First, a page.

Diabetes is a disease in which your body doesn’t produce any or enough of a hormone called insulin. Insulin transports digested dietary sugars out of your bloodstream and into the cells that convert them to fuel.
If you have diabetes, though, too much sugar (i.e., glucose) remains in your blood vessels and raises your blood-glucose levels. High amounts of glucose in your blood damages the lining of your arteries. In response, they create plaque, which narrows the vessels and constricts your blood flow — a condition known as atherosclerosis.
Atherosclerosis can cause an array of serious complications, including loss of vision and loss of limbs. It may also cause a potentially fatal stroke or a heart attack.
Type 1 diabetes is an autoimmune disease that’s usually diagnosed in childhood or young adulthood. Type 2 diabetes is a lifestyle-related disease that develops gradually. So gradually, in fact, that you may not even know you have it until you develop symptoms due to atherosclerosis.
At Modern Wellness Clinic in Las Vegas, Nevada, our health experts encourage you to be proactive with your health by paying attention to the signals your body sends you. Luckily, with Type 2 diabetes, there are warning signs that let you know your blood sugar could be too high. Here’s what to look for:
Because high blood-glucose levels affect your artery health, one sign that you could be developing diabetes is changes in the sensations in your hands or feet. If you notice that your hands or feet are frequently numb or if they tingle or burn, your blood flow may be impeded to your limbs.
Peripheral artery disease (PAD) is a common symptom of diabetes. In addition to numb or tingling limbs, you might also notice that you don’t feel cuts or sores on your feet. This is a dangerous situation, because you could injure your foot and not know it, and this can lead to infection, gangrene, and even amputation.
In fact, complications from diabetes and PAD are among the top reasons for foot amputations in the US. As more and more people have gotten their blood glucose levels under control, the rates of foot amputation have also diminished.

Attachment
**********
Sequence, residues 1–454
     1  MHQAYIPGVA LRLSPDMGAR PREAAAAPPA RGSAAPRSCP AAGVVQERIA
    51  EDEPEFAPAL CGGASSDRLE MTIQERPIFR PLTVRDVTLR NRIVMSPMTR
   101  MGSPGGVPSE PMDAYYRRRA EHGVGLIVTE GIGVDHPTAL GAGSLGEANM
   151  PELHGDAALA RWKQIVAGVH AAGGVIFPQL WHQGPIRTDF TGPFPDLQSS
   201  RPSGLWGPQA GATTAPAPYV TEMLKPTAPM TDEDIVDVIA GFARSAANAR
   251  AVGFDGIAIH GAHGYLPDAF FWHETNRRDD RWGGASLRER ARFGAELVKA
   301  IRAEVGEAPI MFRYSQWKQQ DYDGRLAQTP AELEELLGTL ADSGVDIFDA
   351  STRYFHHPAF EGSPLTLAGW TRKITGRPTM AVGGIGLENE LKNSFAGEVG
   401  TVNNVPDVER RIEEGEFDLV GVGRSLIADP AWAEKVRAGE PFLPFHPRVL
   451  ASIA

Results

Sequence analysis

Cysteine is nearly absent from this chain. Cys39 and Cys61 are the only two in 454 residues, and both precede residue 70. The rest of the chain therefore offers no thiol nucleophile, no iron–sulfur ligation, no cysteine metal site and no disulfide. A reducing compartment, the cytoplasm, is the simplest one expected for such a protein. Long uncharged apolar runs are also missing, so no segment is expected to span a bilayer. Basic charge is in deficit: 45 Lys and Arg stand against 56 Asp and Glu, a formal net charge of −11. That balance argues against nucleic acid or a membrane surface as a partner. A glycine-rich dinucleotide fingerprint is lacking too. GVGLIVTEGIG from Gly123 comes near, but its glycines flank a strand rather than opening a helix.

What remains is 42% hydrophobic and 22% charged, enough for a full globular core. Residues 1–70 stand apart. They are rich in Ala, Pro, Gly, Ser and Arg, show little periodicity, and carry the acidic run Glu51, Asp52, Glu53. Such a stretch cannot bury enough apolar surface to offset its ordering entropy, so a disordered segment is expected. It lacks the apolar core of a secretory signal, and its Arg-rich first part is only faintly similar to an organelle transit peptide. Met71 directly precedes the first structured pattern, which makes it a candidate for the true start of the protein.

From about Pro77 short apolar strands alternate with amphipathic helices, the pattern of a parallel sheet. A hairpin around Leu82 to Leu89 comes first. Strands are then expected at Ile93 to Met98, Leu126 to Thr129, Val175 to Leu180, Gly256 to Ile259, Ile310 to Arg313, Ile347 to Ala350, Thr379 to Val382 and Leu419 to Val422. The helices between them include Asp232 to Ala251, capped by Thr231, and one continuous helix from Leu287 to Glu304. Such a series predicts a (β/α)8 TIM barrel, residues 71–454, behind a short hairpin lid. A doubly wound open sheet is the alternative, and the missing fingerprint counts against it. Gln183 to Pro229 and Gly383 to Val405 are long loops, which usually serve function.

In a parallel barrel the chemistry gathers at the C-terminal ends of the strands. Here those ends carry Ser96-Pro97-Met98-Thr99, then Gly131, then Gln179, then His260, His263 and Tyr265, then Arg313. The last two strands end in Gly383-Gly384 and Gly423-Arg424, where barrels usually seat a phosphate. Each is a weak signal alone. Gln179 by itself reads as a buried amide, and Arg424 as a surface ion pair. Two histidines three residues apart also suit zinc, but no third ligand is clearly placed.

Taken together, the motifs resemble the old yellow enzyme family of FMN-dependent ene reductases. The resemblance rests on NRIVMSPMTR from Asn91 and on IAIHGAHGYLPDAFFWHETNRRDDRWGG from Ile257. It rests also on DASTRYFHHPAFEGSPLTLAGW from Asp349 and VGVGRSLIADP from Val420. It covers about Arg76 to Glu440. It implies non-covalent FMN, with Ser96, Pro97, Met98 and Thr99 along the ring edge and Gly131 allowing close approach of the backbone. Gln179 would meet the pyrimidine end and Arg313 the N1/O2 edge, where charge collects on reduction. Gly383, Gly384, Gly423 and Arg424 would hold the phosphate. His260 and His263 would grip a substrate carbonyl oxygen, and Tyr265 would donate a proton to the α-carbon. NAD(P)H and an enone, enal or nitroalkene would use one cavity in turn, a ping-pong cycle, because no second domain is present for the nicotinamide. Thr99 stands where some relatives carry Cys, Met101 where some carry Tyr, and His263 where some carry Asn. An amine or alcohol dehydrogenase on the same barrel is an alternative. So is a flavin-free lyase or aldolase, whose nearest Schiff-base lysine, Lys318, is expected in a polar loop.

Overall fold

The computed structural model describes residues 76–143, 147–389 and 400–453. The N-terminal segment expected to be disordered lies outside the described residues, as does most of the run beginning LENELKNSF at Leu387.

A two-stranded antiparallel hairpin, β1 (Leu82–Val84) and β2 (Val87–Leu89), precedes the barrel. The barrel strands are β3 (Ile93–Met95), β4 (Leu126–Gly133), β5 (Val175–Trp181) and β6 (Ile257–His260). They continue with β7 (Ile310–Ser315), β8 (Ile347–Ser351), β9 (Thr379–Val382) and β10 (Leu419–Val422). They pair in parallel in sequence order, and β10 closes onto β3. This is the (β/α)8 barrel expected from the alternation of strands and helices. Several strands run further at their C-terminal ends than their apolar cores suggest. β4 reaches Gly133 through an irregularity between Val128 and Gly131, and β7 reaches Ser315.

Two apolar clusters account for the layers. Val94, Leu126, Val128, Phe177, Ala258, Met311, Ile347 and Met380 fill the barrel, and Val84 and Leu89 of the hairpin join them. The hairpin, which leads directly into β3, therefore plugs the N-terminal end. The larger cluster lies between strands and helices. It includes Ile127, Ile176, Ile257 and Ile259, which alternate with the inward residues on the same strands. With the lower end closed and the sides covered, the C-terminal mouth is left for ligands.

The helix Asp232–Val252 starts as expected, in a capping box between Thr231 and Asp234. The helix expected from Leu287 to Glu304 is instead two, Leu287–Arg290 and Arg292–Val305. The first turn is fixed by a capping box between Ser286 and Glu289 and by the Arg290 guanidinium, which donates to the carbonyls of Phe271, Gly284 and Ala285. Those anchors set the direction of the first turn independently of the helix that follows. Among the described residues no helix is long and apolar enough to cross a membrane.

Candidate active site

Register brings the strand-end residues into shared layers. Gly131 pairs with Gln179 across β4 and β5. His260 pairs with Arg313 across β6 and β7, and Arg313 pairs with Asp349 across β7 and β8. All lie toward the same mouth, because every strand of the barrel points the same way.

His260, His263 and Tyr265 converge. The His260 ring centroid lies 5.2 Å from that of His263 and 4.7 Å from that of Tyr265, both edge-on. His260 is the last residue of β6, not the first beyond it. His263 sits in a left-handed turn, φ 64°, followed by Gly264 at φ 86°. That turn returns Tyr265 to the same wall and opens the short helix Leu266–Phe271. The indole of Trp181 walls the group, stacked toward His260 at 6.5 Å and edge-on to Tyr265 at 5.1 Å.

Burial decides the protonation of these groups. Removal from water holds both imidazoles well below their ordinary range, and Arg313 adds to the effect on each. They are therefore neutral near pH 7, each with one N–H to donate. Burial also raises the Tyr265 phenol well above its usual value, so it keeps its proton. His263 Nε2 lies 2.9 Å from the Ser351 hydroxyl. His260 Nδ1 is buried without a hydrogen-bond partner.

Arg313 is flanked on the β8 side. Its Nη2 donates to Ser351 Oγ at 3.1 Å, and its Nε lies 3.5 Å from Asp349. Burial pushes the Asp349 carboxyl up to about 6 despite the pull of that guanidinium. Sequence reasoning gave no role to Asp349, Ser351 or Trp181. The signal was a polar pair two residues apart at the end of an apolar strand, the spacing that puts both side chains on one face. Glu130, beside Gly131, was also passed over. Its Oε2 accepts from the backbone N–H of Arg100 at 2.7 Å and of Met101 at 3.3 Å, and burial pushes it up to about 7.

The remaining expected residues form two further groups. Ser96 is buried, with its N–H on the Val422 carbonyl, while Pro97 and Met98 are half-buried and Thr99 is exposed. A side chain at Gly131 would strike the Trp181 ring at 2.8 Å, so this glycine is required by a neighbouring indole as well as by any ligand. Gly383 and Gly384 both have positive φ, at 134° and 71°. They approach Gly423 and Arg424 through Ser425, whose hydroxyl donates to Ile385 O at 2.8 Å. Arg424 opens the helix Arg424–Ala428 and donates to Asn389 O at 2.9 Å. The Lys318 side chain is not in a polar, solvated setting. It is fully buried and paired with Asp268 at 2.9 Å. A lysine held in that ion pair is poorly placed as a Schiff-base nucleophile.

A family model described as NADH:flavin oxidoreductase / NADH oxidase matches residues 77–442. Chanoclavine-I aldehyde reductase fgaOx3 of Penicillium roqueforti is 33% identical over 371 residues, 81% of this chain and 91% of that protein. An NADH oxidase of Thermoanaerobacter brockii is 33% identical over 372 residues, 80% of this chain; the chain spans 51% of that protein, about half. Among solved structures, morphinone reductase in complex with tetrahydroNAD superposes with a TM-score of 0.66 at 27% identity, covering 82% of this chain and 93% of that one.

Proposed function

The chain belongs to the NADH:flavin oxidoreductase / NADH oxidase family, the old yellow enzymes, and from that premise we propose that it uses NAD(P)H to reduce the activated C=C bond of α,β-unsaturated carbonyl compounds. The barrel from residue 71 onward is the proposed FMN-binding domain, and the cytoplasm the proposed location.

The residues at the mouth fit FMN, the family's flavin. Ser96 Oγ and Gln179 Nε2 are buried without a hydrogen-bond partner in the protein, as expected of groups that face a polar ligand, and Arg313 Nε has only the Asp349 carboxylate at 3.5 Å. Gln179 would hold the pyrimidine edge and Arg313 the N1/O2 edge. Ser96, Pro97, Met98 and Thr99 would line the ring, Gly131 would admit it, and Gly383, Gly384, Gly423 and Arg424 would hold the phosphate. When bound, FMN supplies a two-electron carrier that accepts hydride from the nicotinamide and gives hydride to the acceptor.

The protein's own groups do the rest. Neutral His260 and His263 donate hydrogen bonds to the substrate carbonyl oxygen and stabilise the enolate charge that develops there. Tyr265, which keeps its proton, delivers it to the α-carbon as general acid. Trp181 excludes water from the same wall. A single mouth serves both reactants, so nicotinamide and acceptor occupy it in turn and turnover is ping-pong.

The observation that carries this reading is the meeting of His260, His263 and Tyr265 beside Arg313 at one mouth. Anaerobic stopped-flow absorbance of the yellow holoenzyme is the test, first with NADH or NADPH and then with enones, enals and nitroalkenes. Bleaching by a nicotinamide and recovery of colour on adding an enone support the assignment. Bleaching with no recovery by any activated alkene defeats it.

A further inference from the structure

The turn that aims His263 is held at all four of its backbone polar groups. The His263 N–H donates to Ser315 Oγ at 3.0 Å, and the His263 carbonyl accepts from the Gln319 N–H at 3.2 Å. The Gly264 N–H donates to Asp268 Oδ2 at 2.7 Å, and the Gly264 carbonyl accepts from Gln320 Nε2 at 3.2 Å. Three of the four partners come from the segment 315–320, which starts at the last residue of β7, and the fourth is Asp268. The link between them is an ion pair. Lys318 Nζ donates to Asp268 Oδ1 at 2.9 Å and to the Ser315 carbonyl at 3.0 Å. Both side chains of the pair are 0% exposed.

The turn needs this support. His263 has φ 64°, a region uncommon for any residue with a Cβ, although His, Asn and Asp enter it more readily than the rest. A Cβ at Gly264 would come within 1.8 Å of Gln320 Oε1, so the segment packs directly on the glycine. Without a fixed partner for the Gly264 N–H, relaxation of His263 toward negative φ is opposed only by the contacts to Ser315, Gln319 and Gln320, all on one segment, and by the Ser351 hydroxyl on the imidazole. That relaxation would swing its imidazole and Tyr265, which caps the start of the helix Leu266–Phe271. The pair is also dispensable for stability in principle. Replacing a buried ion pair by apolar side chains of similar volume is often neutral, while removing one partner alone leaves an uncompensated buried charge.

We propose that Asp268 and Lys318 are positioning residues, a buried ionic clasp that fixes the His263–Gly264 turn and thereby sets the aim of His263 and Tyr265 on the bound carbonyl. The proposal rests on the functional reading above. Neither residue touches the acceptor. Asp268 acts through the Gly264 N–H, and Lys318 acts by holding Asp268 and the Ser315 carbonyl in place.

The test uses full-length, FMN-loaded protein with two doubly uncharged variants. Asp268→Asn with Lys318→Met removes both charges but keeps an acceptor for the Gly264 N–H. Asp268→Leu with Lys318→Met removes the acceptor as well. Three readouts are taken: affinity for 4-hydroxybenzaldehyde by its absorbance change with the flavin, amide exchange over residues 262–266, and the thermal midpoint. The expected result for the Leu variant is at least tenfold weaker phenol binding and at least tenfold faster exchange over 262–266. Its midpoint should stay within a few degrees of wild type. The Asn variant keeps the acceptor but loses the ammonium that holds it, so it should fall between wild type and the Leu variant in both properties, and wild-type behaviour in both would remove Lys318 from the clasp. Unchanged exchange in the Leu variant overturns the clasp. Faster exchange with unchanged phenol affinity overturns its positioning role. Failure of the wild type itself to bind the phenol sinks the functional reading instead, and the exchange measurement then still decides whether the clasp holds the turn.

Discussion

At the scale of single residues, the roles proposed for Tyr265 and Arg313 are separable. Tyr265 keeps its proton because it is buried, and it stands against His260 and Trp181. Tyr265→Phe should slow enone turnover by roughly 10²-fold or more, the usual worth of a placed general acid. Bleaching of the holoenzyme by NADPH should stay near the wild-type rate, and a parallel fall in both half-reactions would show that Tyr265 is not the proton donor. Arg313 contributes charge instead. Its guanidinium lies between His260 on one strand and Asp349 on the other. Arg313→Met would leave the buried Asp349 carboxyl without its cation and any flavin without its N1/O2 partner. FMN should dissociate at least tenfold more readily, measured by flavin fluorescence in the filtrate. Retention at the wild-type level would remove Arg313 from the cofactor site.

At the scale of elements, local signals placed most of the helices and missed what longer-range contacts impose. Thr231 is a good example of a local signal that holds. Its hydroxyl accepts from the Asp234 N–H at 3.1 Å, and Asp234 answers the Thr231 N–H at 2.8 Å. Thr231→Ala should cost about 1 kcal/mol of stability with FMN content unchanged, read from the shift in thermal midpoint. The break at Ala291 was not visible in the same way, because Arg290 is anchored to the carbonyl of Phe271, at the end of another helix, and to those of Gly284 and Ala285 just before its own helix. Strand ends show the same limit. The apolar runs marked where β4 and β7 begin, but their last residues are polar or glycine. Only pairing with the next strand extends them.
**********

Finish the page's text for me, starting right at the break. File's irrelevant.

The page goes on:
High blood glucose levels dehydrate your body. When you have too much glucose in your blood, and you’re not moving it into your cells for energy, your kidneys try to excrete the extra glucose in your urine.
You may notice you have to pee a lot more than you used to, especially at night. By using up water for urination to excrete glucose, your kidneys deplete the liquids your body needs to stay hydrated.
When the fluid levels in your blood are too low, you feel thirstier than normal. That’s why excessive thirst is a key symptom of diabetes.
Another sign of dehydration is skin that’s overly dry or cracked. You may also have a dry mouth or even dry eyes if you become too dehydrated.
If you find yourself feeling fatigued or sleepy for no good reason, it could be a sign of diabetes or prediabetes. Your cells need energy to function optimally. With diabetes, however, you don’t have enough insulin to get the glucose into your cells to give them the energy they need.
Consequently, your body’s operating on a less-than-full “battery.” In addition, when you’re dehydrated — another consequence of high blood sugar — you also feel, literally, depleted.
Because your body doesn’t have the resources it needs to perform its functions smoothly and optimally, you may develop other symptoms, too, if you have diabetes. Common signs that need attention are:
Any time you notice a significant change to the way you feel that lasts more than a few days, be sure to get a medical evaluation so that you can catch any disease process — including diabetes — at the earliest stage possible.
If you notice any signs that you could be developing or already have Type 2 diabetes, call us immediately for an evaluation and diagnosis. The sooner you make changes to your lifestyle to lower your blood glucose levels and get treatment, when appropriate, the more likely you can prevent your diabetes from causing complications.
At Modern Wellness Clinic, we help you get your diabetes under control with changes to your diet and activity level. We may also prescribe insulin or other medications to help your blood glucose levels stay in a safe range.
If you think you have prediabetes or diabetes, the first step is getting a diagnosis. Contact our office by calling our friendly staff at 702-463-9159 or using our online booking form.